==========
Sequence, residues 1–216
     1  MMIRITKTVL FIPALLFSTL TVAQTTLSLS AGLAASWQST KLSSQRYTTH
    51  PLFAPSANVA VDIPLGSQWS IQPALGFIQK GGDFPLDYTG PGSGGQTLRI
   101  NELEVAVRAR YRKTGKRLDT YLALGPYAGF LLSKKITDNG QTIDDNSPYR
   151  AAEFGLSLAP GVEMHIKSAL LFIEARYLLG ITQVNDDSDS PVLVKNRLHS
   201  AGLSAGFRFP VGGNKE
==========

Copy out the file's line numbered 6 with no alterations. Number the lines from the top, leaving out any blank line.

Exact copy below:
   201  AGLSAGFRFP VGGNKE